Mother’s Day without a Mother

Opting out, frustration and recognising other maternal influences – Jess shares how her interpretation of Mother’s Day has changed since her mum passed away.

Arguably Mother’s Day means more to me now than it ever did when my Mum was alive. When surrounded by loved ones, it’s easy to take them for granted, and though we’d acknowledge it was Mother’s Day and probably help her cook a roast dinner, I would never shower my Mum with gifts or even put that much thought into buying a card.

She died almost 11 years ago, and in that time I’ve had very mixed feelings about Mother’s Day. In the first few years, I’d be easily angered and upset by shop window displays and endless beautiful flowers lining supermarket entrances, all for the ‘Best Mum Ever’. I found it insensitive, cruel and painful to have it so obviously marketed everywhere, without any consideration for those who have lost their mothers or perhaps never knew their mothers at all. I’d avoid the high street in March, and even replied to a few Mother’s Day marketing emails telling them never to send me Mother’s Day marketing material again – to which I actually received a fair few heart-felt apologetic responses.

This all changed a few years ago when in late February I received an email from a well-known company asking if I’d like to opt-out of Mothering Sunday emails, acknowledging that it isn’t an easy day for everyone. This email did two things:

  1. 1. I felt heard, relieved and recognised. Finally, a company that gets it!
  2. 2. I realised that though it wasn’t easy for me, it’s actually a really wonderful time for children and mothers to share love and appreciation for each other, and that’s a beautiful thing. Who am I to be angry about that?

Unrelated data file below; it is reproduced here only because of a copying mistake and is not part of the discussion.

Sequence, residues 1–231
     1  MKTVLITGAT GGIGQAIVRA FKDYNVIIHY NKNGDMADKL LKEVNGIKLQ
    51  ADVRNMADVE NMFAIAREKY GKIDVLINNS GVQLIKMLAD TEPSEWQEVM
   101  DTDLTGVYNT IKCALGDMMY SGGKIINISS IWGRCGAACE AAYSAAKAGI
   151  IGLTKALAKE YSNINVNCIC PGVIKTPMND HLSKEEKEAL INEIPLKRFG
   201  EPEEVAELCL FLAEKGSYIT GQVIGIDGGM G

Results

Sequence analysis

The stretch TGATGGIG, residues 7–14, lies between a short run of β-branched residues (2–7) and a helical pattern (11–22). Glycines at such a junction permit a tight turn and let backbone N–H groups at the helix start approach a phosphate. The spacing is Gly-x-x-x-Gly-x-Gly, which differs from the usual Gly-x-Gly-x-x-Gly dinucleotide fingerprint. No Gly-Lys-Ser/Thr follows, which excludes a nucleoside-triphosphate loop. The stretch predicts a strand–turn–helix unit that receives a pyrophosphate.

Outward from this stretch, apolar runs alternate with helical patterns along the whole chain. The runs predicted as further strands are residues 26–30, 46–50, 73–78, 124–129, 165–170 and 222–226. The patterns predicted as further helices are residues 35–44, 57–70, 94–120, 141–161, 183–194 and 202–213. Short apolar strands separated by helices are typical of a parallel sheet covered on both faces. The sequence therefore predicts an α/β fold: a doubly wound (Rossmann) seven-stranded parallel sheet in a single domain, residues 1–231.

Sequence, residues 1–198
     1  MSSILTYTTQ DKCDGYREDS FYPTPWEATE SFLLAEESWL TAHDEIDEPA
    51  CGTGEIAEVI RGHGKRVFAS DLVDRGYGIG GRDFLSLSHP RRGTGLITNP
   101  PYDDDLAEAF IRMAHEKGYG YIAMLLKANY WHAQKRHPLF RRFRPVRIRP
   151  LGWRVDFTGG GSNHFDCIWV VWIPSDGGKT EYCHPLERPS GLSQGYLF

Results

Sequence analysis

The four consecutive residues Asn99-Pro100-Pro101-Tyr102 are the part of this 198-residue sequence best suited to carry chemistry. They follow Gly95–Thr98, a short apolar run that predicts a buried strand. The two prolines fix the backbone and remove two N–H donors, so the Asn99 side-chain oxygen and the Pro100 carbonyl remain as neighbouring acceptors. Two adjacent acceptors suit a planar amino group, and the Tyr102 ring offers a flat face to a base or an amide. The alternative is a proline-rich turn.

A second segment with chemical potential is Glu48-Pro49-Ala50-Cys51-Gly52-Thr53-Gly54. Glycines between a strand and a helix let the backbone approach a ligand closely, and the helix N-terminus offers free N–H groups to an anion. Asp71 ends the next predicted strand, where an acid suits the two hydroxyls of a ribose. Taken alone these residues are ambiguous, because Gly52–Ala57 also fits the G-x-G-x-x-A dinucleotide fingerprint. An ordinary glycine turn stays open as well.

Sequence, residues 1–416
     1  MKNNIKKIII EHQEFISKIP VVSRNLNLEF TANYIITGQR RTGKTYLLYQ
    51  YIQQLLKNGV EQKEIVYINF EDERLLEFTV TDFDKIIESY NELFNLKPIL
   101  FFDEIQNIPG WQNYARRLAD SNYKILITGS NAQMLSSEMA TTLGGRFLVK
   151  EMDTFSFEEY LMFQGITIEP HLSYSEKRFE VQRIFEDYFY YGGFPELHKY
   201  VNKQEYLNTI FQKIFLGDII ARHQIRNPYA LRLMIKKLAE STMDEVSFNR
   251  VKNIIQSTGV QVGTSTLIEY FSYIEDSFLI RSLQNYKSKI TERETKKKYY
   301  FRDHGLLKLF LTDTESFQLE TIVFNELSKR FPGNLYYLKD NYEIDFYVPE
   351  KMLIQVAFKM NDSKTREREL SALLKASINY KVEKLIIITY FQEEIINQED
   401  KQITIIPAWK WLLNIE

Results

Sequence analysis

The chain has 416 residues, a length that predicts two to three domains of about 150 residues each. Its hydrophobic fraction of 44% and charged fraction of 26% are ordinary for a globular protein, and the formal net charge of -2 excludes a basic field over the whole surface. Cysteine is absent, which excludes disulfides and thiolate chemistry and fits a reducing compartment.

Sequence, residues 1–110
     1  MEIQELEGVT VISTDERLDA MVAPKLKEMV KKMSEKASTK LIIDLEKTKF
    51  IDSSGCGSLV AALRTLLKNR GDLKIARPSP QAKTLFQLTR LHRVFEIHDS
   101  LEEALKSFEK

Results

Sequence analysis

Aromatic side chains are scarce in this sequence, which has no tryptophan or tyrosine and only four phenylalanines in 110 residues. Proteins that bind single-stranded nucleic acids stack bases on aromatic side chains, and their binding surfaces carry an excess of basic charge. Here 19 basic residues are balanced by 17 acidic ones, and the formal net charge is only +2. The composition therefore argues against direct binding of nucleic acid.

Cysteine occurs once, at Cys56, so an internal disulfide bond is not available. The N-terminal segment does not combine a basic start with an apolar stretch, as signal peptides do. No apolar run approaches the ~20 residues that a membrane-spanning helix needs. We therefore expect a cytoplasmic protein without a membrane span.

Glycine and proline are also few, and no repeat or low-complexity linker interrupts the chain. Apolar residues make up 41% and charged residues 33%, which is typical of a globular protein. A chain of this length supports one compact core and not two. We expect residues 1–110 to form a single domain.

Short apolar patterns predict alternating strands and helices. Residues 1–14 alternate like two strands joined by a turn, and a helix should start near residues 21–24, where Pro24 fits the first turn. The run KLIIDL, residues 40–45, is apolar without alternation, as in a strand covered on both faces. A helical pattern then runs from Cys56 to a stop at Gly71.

It certainly shifted my mind set, and since then I’ve seen a lot of brands recognise that Mother’s Day could be a challenge for some families. However, I also now recognise that that shouldn’t distract from those who want to celebrate it.

I also realised that just as it’s hard for me and my siblings, it would also be difficult for my Nan who would have usually received a card from my Mum on Mother’s Day. I’m very lucky that my Nan and I have a wonderful relationship. Her quirky Welsh ways and endless support is incredible. I now write her a Mother’s Day card and purposely look for a Grandmother one – to which there is usually an abundance. Why not celebrate that maternal relationship, even if she isn’t my ‘mother’?

I now have two dogs, and to me they are my ‘babies’ – does that make me a ‘dog’ mother? There are certainly high street cards nowadays especially for pet parents on Mother’s Day, whereas ten years ago I’m fairly certain these didn’t exist either.

This shift in what Mother’s Day means and how companies now approach it more sensitively has made it so much easier for those who don’t have mothers to share it with. Mothering comes in all sorts of shapes and sizes, and, while I totally understand and respect those who choose to opt out totally, to me that’s now what I choose to believe Mother’s Day represents.

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